A few weeks ago I wrote a column for The Daily in which offered a qualified defense of partisanship, arguing that calls to overcome ideology are frequently nothing more than a demand for your opponent to stop being truculent and concede the truth of your worldview. Crowing about partisanship — these Obama critics are so terrifyingly extreme! — is often a nakedly partisan pursuit.

Take this headline from The Daily Beast: “John Roberts Upholds Obamacare and Rises Above Partisanship.”

 Well. Had Roberts sided with the dissenters, would this have been a scummy descent into “partisanship” or the expression of a judicial philosophy? In the wake of Roberts surprising volte-face, former New York Times court reporter Linda Greenhouse wrote that the chief justice “saved the Supreme Court from the stench of extreme partisanship that has hung over the health care litigation.…” Or this Bloomberg headline: “Roberts Rejects Partisanship in Backing Obama Health Law.” And so on.

So what if a representative of the court’s liberal wing — whose reliable liberalism is rarely cast as ill-tempered partisanship — defected to Kennedy, Scalia, Alito, and Thomas, spurred by Solicitor General Donald Verrilli’s pitiful performance before the bench? Would this be seen as an act of admirable post-partisanship, or would headline writers go for something a little punchier (“Bader Ginsburg Knocks Down Obamacare, Confirms Deep Skepticism of Children and the Infirm”)?

There was a rather stunning piece in the New York Times magazine last month in which liberal college professor Steve Almond upbraided his fellow progressives for complicity in the “degradation of our civic discourse” by participating in partisan cable news programs. It was Almond’s mea culpa for having appeared on Fox News — he resigned from Boston College when they invited Condoleezza Rice as commencement speaker and defended the move on Fox’s Hannity and Colmes — a decision he later regretted.*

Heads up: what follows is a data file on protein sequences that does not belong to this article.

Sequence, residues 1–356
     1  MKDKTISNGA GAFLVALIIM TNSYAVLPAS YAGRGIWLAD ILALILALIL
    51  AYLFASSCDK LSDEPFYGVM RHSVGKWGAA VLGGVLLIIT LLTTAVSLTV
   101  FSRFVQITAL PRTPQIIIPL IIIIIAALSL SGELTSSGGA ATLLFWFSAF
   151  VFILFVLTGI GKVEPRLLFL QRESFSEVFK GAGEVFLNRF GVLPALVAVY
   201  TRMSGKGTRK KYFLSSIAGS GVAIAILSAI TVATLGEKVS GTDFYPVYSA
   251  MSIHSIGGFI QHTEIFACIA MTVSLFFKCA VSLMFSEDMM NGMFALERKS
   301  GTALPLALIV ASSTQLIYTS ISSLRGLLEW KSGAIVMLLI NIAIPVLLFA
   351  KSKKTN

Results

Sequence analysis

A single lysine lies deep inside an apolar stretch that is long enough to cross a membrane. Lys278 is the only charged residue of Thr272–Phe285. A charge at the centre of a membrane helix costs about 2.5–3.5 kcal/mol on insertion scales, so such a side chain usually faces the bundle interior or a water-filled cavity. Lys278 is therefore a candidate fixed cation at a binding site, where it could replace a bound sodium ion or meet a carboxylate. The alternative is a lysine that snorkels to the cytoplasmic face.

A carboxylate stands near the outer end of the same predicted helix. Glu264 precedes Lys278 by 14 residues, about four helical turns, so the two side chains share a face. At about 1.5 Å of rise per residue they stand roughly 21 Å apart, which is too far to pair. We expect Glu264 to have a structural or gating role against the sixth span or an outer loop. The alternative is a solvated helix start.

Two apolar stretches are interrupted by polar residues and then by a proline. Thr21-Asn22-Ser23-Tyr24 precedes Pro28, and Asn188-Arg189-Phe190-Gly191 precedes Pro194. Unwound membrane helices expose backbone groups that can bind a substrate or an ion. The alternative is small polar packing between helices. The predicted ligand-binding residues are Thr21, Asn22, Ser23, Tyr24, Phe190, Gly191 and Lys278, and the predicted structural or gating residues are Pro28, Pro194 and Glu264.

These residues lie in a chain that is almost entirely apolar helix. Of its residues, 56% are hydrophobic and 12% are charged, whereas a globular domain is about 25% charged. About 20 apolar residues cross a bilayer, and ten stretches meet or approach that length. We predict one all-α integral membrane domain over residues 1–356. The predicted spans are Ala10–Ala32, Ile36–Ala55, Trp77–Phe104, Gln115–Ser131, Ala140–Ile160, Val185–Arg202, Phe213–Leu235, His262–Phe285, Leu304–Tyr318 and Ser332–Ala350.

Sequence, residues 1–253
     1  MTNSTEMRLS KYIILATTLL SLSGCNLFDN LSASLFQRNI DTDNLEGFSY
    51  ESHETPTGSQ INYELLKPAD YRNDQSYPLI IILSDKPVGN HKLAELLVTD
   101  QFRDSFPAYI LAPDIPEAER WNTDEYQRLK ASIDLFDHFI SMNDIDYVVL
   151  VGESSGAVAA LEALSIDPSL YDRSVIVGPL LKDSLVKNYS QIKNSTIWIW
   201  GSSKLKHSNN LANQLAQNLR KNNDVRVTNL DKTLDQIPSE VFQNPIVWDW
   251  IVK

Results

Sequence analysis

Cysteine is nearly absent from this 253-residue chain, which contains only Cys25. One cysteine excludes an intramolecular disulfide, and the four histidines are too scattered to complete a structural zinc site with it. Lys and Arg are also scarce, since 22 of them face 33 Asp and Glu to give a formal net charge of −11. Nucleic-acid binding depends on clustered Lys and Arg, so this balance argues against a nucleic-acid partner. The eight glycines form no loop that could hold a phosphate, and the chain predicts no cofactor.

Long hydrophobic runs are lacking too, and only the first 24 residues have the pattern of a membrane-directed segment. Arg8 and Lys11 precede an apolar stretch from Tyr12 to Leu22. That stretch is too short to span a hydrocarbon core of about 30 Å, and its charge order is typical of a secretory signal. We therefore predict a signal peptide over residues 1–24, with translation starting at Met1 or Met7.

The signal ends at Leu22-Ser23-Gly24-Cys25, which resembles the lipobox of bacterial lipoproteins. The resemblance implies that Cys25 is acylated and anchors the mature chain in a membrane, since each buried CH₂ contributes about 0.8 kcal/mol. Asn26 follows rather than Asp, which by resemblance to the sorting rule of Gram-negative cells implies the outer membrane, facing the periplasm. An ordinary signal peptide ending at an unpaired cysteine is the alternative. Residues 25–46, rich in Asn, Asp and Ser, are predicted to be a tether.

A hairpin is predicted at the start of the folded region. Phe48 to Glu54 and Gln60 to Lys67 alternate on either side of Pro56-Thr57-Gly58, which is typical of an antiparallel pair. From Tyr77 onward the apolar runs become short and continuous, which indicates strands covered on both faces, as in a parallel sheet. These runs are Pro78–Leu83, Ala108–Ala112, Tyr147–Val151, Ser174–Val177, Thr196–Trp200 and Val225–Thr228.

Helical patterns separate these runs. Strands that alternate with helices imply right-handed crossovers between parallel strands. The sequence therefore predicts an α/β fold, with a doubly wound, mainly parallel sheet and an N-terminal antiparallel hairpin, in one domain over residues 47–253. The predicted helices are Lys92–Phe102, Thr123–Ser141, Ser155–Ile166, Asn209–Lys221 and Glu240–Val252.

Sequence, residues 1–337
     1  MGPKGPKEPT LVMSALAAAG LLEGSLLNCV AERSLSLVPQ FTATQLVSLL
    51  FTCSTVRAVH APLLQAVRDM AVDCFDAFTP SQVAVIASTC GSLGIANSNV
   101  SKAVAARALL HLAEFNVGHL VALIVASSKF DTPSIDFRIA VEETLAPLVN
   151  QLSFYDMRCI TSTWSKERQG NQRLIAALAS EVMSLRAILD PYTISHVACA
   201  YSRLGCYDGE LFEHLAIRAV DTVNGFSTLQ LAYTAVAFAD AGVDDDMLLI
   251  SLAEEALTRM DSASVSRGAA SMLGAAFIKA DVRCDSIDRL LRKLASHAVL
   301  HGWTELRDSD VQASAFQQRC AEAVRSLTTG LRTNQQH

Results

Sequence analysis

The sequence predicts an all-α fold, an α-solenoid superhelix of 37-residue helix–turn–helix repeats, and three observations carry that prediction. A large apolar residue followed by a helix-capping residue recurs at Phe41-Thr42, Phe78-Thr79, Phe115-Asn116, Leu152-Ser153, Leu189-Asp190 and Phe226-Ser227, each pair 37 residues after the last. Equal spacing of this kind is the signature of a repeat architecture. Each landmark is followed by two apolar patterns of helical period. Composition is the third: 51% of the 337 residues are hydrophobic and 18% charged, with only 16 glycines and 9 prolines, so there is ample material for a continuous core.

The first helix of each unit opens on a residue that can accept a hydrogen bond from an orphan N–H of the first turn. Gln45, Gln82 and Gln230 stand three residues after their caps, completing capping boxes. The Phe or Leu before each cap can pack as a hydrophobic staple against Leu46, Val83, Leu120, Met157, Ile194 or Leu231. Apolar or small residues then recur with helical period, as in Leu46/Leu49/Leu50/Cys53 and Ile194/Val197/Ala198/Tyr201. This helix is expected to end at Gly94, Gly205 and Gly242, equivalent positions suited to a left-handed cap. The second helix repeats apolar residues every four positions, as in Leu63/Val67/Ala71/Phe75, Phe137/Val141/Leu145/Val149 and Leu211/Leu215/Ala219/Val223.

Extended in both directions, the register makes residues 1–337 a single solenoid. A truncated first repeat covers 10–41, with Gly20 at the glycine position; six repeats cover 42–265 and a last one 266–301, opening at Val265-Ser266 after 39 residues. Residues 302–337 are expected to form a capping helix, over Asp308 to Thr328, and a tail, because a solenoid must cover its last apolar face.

It was time, he wrote, “to define ourselves as Americans not by who we hate but by what we can do to strengthen our communities and country.” It was a stirring cri de coeur to minimize partisan bickering and start fixing America by acknowledging the “degradation of our civic discourse.”

Who could disagree with that? Well, Almond for starters. In the course of lamenting the partisan tone of conservative media, he rebuked Fox’s “imbecilic fans,” “conservative scoundrels,” “conservative demagogues,” “conservative wack jobs,” “conservative wing nuts,” “conservative agitprop,” “escalating right-wing fanaticism,” “right-wing misanthropy,” and “right-wing hysterics.” New York Times editors didn’t notice the discrepancy. It was partisanship as anti-partisanship, an uncivil plea for civility.

Those who have tsk-tsked Robert’s conservative critics, those who regularly bleat on about our coarsened political rhetoric, those denouncing our growing partisan divide, get a 2-for-1 deal when rebuking the supposed ideological rigidity of Republicans (without ever making ideological concessions of their own) while at the same time conveying the message that their opponents have trespassed the boundaries of extremism, a party that Ronald Reagan “would no longer recognize.”

It’s pretty clever trick. But it’s time someone called them on it.

* Speaking of which: I have appeared a handful of times of Glenn Beck’s (pre-chalkboard) television program, a decision I regret in light of his goofy conspiracy mongering. I later watched his series of shows on the “importance of history” and wrote about his many, many basic errors of fact. I was, thankfully, never invited back.